Medieval Villages: Peratallada & Palau-sator

The Church of Sant Esteve in Peratallada
The Church of Sant Esteve, just outside the walls of Peratallada

Apart from the spectacular coastline and its famous Costa Brava beaches, our region is also steeped in history. This is immediately evident if you head into the interior a little and explore some of the beautifully preserved medieval villages that are scattered throughout the countryside. 

We have also written pieces about a cluster of Medieval Villages in the vicinity of La Bisbal d’Empordà and a separate article on Pals which, as probably the most visited of them all, deserves a write-up of its own. Here we are going to take a look at two neighbouring medieval villages that, taken together, are also worthy of their own blog: Peratallada and Palau-sator.


Peratallada, the town, was already in existence by 1065 as that was the date of its first mention in historical documents, but it is unknown for sure how long before that the village was established or when its construction began. Whatever about the origins of the village itself, however, the area was certainly settled back as far back as ancient times as evidenced by pieces of Roman pottery and even fragments of pre-Roman Greek artefacts having been discovered along with medieval ceramic and glass fragments during various excavations since the 1970s. 

In Catalan, pedra tallada means “carved rock” and the name Peratallada comes from the moat, dug out of the rock, that completely surrounded the town, parts of which can still be seen today. Access to the town was by a drawbridge that no longer exists. Along with the moat, its defenses consisted of three walled enclosures with the castle at its centre, making it one of the most fortified of Catalan towns of its time. The castle and its palace were completed during the 11th and 12th centuries and the defensive walls added between the 12th and 13th centuries, with some sections reconstructed from the 16th to 18th centuries.

Peratallada Castle
Peratallada Castle and Palace

Peratallada Castle became one of the most important in the region following a marriage uniting the noble houses of Peratallada and Cruïlles in the 1200s, and its palace became the favourite residence of this new and powerful local dynasty. Over the years a number of royals often stayed here too, including on several occasions King Joan I of Aragón, also known by such nicknames as “Joan the Hunter”, “Joan the Lover of Elegance”, and “Joan the Abandoned”!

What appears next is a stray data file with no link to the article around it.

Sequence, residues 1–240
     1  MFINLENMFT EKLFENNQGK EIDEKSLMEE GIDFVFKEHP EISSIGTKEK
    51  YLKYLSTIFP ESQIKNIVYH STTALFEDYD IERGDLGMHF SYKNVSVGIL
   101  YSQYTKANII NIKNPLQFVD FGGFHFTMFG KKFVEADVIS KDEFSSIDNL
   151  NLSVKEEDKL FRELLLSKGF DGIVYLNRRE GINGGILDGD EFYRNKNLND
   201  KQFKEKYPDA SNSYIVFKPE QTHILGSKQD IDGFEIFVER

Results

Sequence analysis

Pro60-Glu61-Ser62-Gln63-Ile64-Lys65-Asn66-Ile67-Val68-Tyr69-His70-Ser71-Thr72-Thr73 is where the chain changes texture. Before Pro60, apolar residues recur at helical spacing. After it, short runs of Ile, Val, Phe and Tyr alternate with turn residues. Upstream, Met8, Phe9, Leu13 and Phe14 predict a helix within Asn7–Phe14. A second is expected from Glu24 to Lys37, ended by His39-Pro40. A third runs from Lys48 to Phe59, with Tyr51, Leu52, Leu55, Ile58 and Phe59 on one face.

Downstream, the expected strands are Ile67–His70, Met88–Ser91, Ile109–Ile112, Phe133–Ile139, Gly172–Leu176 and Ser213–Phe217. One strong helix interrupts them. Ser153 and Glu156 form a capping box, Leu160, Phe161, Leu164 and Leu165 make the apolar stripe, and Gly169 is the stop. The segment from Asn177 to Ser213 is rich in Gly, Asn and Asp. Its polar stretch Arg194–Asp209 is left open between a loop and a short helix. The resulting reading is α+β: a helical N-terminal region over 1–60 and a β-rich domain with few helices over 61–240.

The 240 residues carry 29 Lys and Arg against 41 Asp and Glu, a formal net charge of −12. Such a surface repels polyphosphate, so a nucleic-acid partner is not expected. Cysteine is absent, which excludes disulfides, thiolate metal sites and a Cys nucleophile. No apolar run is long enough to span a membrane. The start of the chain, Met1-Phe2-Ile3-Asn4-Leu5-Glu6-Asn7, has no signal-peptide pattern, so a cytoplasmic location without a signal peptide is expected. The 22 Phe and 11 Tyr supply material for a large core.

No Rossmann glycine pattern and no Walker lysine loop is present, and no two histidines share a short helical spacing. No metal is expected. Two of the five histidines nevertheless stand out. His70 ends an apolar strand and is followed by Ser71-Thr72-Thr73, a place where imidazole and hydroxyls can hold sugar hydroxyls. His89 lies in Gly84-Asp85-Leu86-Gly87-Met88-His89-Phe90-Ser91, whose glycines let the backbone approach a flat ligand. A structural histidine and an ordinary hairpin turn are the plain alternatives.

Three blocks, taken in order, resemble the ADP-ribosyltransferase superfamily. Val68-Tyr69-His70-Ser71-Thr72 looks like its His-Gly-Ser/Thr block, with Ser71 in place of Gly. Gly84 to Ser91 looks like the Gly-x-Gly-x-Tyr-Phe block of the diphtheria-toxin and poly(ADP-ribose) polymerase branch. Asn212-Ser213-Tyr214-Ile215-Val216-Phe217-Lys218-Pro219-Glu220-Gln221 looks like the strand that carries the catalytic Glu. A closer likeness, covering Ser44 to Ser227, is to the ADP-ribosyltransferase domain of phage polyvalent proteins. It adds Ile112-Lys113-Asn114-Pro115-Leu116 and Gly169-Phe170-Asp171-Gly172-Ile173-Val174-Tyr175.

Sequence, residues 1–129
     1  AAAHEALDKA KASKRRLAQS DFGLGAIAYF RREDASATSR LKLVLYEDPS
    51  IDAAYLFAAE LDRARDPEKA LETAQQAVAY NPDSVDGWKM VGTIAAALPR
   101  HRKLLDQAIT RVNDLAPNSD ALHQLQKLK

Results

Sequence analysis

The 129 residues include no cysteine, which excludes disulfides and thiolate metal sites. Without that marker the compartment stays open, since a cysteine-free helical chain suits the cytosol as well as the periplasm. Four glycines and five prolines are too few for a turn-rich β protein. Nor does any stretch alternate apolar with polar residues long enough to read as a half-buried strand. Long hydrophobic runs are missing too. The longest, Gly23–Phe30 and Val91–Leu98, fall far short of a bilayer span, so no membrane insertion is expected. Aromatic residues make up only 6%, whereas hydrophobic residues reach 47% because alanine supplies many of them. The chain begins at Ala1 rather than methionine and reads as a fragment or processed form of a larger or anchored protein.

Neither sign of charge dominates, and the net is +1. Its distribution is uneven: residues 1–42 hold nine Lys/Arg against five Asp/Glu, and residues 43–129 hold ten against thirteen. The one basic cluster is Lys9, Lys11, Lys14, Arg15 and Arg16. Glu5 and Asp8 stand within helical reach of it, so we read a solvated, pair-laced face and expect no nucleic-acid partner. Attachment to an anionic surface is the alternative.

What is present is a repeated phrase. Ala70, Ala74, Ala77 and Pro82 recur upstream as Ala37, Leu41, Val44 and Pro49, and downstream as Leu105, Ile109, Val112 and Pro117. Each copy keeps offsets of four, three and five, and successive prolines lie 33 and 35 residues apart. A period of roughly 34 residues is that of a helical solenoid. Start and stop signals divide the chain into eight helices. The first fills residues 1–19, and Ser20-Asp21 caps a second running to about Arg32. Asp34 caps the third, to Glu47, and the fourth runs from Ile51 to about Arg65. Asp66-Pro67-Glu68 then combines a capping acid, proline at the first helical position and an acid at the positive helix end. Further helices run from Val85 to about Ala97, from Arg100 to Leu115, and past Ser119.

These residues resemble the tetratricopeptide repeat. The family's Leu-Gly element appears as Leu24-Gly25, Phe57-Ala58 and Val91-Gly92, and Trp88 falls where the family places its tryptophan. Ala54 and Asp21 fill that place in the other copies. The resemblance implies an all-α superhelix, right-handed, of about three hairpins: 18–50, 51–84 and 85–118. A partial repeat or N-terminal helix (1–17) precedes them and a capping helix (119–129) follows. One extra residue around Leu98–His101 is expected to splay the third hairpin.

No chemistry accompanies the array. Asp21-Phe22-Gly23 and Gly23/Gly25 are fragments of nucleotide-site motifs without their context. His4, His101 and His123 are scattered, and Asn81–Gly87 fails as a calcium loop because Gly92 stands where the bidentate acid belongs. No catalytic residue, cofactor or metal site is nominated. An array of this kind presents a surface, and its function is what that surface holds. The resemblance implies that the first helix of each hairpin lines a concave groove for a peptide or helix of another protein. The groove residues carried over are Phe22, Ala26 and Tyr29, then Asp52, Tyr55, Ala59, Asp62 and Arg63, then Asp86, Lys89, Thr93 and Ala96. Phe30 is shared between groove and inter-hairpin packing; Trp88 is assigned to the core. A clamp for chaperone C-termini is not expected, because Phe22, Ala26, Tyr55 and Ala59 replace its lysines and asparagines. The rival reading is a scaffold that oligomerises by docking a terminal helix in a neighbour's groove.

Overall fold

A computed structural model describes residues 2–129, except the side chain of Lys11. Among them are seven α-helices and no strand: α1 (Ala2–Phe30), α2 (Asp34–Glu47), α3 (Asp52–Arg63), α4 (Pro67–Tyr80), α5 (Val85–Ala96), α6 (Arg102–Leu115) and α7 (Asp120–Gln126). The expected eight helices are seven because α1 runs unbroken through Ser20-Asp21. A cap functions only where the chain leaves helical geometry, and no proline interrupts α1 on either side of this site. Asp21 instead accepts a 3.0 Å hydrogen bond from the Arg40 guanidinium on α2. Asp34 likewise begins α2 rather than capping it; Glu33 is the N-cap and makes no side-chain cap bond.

Plaça de les Voltes, Peratallada

The first of the two main squares in the town is the petite Plaça de les Voltes with its lovely portico led arches and a number of restaurant-bars from where you can take in your surroundings at your leisure. If you come into the village from the eastern side this is where you’ll arrive first. Just a few metres further along the street with its immaculately preserved stone houses, you’ll come to the significantly larger Plaça del Castell – you’ve guessed it: Castle Square! – overlooked by the castle palace. 

From the square can be seen the rectangular Torre de Homenaje, the castle’s “Tribute Tower”, with its square battlements, one of a number of still perfectly intact towers belonging to the old walled town; the others being the North Tower, the West Tower and the Torre de les Hores, or “Tower of the Hours”, so-called because it let the villagers know what time it was. Pretty logical really!

Medieval arches in Peratallada
A beautifully preserved street in Peratallada

There are also a couple of other photogenic little squares in the town, such as Plaça dels Esquiladors (sheep-shearers square!), but the best thing to do is really just stroll around aimlessly, walking down whatever quaint little street takes your fancy, enjoying the atmosphere created by the medieval arches, the flowers and the greenery of the climbing plants covering parts of the old stone walls. Don’t worry, it’s impossible to get lost and pretty soon you’ll have seen just about the whole town of Peratallada!

When you’ve finished with the town inside the walls, why not leave through the northern Portal de la Virgen gate, worth seeing in its own right as this was where the drawbridge controlling access to the town once was. This will bring you face to face with the parish church of Sant Esteve de Peratallada, just beyond the walled area on the other side of the road. It’s a Romanesque style church from the beginning of the 13th century and also contains a preserved Gothic tomb from 1348, that of one of the Peratallada-Cruïlles lords who died in the Black Death of that year.